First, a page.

Many people believe that the more friends they have, the more people who will donate to their charitable cause. However, new research shows that may not be the case, at least with Facebook.
The Chronicle of Philanthropy reports that economic researchers in an analysis of more than 35,000 fundraising pages set up by people who rode bikes, ran marathons, and participated in other activities to raise money for charity, shows the most important reason people give is a personal connection to the fundraiser.
A study soon to be released in the Journal of Public Economics suggests “as the size of a fundraiser’s social network grows, potential donors feel less desire to help the fundraiser and make, on average, smaller donations. For example, the average donation to a person with 252 friends was 10 percent lower than donations to a person with 77 friends. When the number of friends increased to 654, the average size of each donor’s gift dropped 20 percent.”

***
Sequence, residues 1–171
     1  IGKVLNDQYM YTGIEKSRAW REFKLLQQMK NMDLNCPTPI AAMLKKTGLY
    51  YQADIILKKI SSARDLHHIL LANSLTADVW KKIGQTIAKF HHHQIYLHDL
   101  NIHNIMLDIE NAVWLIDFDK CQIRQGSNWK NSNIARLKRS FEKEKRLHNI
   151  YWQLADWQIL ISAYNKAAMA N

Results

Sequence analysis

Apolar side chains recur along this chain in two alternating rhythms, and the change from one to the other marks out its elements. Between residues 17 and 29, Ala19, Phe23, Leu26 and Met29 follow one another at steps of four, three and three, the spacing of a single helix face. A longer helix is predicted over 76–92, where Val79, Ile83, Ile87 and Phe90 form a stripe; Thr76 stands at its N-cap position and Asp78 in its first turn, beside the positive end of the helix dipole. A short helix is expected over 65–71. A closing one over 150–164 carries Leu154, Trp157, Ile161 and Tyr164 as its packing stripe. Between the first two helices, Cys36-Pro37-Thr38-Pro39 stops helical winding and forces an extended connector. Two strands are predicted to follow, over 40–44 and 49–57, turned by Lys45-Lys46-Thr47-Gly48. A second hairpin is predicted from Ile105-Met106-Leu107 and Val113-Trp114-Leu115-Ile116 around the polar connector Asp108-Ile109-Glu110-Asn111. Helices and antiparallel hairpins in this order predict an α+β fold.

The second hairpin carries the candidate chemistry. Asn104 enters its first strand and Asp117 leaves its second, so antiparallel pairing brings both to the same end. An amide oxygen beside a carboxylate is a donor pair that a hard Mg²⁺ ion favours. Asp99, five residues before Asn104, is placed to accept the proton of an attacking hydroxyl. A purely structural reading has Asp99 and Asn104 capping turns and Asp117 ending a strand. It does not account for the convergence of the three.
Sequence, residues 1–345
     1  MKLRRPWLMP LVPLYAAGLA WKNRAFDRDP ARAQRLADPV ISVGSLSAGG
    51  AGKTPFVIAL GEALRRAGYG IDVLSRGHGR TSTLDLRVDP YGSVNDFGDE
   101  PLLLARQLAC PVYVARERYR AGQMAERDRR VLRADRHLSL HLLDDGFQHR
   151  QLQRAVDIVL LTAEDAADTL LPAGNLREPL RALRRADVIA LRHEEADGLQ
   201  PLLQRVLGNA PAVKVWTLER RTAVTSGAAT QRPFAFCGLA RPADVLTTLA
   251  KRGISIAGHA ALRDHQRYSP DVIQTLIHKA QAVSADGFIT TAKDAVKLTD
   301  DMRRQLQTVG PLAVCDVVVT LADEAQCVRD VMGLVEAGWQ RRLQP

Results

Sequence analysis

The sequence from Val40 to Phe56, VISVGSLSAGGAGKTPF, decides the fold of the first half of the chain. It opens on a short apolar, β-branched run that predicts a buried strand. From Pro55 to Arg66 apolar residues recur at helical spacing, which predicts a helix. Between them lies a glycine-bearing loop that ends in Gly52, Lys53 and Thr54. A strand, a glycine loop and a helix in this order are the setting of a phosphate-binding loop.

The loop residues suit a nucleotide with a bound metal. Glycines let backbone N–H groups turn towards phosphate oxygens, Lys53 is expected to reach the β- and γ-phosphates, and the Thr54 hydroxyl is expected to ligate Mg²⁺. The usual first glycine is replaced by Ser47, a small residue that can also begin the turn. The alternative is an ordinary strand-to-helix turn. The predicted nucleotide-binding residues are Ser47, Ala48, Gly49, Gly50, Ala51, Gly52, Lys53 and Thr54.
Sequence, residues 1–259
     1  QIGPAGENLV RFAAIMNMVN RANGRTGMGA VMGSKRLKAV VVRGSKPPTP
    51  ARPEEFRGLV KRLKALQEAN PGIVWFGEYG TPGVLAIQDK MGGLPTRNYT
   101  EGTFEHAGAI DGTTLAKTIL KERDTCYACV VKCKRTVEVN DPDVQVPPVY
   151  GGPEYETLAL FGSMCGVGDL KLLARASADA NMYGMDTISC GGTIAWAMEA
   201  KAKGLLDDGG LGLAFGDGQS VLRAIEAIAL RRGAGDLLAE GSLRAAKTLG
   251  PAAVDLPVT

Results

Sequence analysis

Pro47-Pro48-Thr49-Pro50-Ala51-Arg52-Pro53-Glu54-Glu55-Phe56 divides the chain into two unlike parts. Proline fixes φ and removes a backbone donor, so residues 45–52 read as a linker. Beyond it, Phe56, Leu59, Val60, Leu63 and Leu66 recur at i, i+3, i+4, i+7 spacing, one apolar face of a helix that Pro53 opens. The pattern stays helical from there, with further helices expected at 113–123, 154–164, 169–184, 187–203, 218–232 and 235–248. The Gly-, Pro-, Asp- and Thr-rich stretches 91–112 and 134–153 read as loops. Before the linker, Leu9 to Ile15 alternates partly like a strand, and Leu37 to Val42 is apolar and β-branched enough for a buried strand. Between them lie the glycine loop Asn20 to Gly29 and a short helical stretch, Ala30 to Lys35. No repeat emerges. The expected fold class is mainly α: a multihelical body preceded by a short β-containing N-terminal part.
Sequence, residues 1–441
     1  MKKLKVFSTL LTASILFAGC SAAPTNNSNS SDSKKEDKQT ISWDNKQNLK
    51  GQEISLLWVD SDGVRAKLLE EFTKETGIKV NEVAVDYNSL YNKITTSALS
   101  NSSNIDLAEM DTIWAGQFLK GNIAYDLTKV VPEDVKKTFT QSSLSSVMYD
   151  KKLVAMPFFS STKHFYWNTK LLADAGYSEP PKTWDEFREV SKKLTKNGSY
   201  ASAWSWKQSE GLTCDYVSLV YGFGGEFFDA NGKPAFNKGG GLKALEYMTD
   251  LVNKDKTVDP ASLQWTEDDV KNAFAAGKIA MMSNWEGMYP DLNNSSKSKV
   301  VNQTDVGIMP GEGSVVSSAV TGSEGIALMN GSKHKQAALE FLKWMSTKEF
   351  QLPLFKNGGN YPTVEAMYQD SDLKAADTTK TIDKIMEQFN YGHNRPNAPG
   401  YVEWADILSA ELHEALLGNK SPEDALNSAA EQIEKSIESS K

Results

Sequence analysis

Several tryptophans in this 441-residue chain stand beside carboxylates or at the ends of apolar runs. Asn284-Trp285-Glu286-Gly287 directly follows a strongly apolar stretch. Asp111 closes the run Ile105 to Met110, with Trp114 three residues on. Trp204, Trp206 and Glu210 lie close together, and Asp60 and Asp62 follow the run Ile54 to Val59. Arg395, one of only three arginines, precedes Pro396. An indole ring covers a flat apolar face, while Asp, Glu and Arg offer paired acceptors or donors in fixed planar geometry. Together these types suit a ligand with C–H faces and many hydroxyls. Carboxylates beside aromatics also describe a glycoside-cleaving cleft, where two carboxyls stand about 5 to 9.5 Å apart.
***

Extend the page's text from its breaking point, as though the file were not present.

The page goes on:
Additionally, “relational altruism,” also plays a role. The researchers believe that the smaller the fundraiser’s social group, the more connected the individual feels to the fundraiser, and the more generous the donor will be.
For more information, please see “Facebook Fundraising Works Better With Fewer Friends” on the Chronicle of Philanthropy website.